# Image Processing III¶

This document was prepared at Caltech with support financial support from the Donna and Benjamin M. Rosen Bioengineering Center.

This tutorial was generated from an Jupyter notebook. You can download the notebook here.

In [1]:
import glob

import numpy as np
import pandas as pd

import skimage.io

import bi1x

import bokeh.io
import bokeh.plotting

bokeh.io.output_notebook()

notebook_url = 'localhost:8888'


In this tutorial, we will will work out an image processing pipeline for processing the time lapse movies of the delay oscillator. It is important that we all follow this pipeline exactly, because we will all share data.

## Image segmentation¶

Movies of bacterial colonies growing and divided are typically segmented using more sophisticated techniques that what we used for the E. coli growth module. We do not have time to discuss these techniques, but will instead do segmentation by hand. To do this, you can use some Bokeh-based tools in the bi1x package. First, we can load in an image.

In [2]:
# Load in image


Next, we can record clicks to make an ROI, or region of interest. To do so, we use the bi1x.viz.draw_rois() function. Note the two keyword arguments in its function call below. The flip=False keyword argument keeps the coordinates of the image matrix-like, which is what we expect further down our image processing pipeline. Next, the notebook_url keyword argument specifies the URL of the notebook you are using. This is important to know so that the clicks are appropriately recorded. Once the function is called, a Bokeh plot appears with extra tools. To find out the URL, look in your browser. You will enter something like 'localhost:8888'. For convenience, I set a variable with the notebook URL in the import commands at the beginning of the notebook.

To select an ROI, select the polygon tool. To begin drawing an ROI, double-click the first part of the image. Each subsequent click designates a vertex of a polygon. To finish the polygon, double-click again. (In the HTML version of this notebook, the interactive image will not appear below.)

In [3]:
rois = bi1x.viz.draw_rois(im, flip=False, notebook_url=notebook_url)


The polygon is stored in a Bokeh object that we should convert to a Pandas DataFrame. To do so, use the bi1x.viz.roicds_to_df() function.

In [4]:
df_roi = bi1x.viz.roicds_to_df(rois)

df_roi

Out[4]:
roi x y
0 0 1070.364661 560.809713
1 0 1055.945732 563.736413
2 0 1046.600129 566.397048
3 0 1032.715234 569.589811
4 0 1022.034546 571.452256
5 0 1011.620875 572.516511
6 0 1007.348599 574.112892
7 0 1003.343341 579.966291
8 0 1004.411410 584.755435
9 0 1005.746496 588.214262
10 0 1010.018771 590.342770
11 0 1015.893150 590.608834
12 0 1025.238752 589.278516
13 0 1055.144680 584.223308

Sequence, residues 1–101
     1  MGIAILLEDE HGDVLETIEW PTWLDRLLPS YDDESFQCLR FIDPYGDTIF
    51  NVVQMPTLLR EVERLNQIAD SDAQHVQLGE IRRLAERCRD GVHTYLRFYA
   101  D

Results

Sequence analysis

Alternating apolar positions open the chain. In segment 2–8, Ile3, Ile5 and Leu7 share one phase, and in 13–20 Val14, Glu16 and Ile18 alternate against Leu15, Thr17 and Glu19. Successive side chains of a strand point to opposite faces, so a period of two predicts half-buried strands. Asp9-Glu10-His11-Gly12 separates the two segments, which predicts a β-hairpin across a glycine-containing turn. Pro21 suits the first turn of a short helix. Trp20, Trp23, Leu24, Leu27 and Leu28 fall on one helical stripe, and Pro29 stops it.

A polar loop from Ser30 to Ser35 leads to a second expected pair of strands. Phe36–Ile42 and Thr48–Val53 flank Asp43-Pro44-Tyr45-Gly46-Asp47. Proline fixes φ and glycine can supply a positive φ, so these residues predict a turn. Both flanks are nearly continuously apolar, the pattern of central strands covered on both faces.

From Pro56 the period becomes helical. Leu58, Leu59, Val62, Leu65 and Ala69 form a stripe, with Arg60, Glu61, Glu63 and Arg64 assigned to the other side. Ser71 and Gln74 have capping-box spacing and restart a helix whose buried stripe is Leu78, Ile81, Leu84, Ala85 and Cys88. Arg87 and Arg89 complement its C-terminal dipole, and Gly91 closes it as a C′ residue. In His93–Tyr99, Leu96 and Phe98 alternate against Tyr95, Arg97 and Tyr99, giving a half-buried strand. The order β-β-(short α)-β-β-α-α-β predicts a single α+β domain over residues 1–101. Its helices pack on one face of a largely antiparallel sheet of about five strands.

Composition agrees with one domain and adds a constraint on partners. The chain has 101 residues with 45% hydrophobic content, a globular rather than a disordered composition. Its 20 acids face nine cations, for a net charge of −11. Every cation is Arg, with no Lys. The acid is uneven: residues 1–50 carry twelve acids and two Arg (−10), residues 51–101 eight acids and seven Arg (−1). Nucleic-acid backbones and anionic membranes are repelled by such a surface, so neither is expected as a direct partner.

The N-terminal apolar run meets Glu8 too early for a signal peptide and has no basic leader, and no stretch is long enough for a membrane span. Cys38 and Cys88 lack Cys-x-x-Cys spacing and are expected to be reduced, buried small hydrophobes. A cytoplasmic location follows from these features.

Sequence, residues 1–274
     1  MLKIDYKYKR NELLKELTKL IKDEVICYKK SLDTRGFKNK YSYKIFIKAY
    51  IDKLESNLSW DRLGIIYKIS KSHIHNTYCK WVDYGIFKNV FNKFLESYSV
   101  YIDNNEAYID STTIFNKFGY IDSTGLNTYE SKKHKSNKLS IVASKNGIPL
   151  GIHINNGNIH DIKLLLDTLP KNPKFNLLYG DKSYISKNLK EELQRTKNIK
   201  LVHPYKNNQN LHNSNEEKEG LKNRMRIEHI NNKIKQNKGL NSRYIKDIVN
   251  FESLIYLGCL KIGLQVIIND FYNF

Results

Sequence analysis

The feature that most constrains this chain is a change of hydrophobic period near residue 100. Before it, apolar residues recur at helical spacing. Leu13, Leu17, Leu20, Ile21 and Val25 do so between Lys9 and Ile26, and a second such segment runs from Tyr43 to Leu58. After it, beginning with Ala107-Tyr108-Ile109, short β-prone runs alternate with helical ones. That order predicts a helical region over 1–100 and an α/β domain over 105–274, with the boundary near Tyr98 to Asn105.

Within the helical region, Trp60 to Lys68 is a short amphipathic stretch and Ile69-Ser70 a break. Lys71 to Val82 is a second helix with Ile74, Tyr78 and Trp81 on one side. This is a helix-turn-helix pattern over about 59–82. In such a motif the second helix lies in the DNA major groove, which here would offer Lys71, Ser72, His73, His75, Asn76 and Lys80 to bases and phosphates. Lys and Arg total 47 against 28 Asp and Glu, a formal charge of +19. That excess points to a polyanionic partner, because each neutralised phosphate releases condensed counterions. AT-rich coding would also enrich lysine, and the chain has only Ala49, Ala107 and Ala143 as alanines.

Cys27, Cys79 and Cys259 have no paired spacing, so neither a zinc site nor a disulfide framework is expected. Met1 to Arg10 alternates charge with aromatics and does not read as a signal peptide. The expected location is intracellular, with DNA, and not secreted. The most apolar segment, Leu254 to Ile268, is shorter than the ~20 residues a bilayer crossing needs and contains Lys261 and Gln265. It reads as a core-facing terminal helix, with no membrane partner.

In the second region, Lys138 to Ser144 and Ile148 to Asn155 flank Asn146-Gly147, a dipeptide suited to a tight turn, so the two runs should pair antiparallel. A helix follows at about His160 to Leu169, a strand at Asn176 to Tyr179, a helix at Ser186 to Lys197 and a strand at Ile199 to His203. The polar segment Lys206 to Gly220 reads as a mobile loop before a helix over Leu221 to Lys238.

14 0 1067.694489 581.296609
15 0 1078.909212 578.369909
16 0 1082.647453 574.911083
17 0 1082.914470 570.121938
18 0 1080.778332 565.066730
19 0 1075.437988 561.075777

Finally, you should store the file in a text file with a name like img_000000000_Brightfield_000_cell_0.csv (see the naming convention below). For ease of loading in the ROI vertices in the next step, be sure to only write out columns 'x' and 'y' without a header of an index.

In [5]:
df_roi[["x", "y"]].to_csv(
)


Note that we will be doing our segmentation using the brightfield channel. It is generally a good idea to use a channel different from the one you are quantifying for segmentation. Then, you are not relying on a possible weak signal to locate the cells. Nonetheless, for the delay oscillator experiment, the fluorescence is almost always high enough to segment in the fluorescent channel.

## Cell naming convention¶

You will segment cells from a single growing colony. It is important to keep track of the lineage of cells. To this end, we will use a unique binary identifier code for each cell in a time lapse movie. The binary code is constructed as follows.

1. The first digit is the original mother, always 0.
2. The next digit specifies which of the two daughter cells from the division of the original mother. After the first division, the left-or-top-most daughter cell gets a label of 0, and right-or-bottom-most is 1.
3. Continue in this manner through the generations.

As an example, a third-generation cell that is the left-most daughter of a division that came from the right-most daughter of the original mother is 010.

You would store the coordinates, for example for frame number 15, as img_000000015_Brightfield_000_cell_010.csv. If you want to use the function that follows, the cell binary code must be between the last underscore and dot in the file name.

## Compute the median fluorescence intensity¶

For each cell we segment, we want to compute the median fluorescence intensity. We want to compute the median, as opposed to total, intensity because as the cells grow, the plasmids multiply, so we are interested in an approximate per-plasmid fluorescence. We choose the median instead of the mean because the median is less sensitive to noise and to errors in segmentation (for example, making the boundary around a cell too large or too small.

Given the stored coordinates, we need to determine what pixels belong to a given cell. The bi1x.image.verts_to_roi() function does this. For example, let's consider the image img_000000011_Brightfield_000.csv with the set of vertices of a polygon defining an ROI stored in img_000000011_Brightfield_000_cell_01.csv. First, let's plot the image with the stored vertices. I will use the flip=False kwarg when I show the image using bi1x.viz.imshow() because we stored the ROIs with the origin at the top left of the image. We also keep the units in pixels because this is the units that the coordinates of the segmentation are stored in.

In [6]:
# Load in image
"test_oscillator_images/img_000000011_Brightfield_000.tif"
)

# Load in the vertices defining the ROI (note comma delimiter)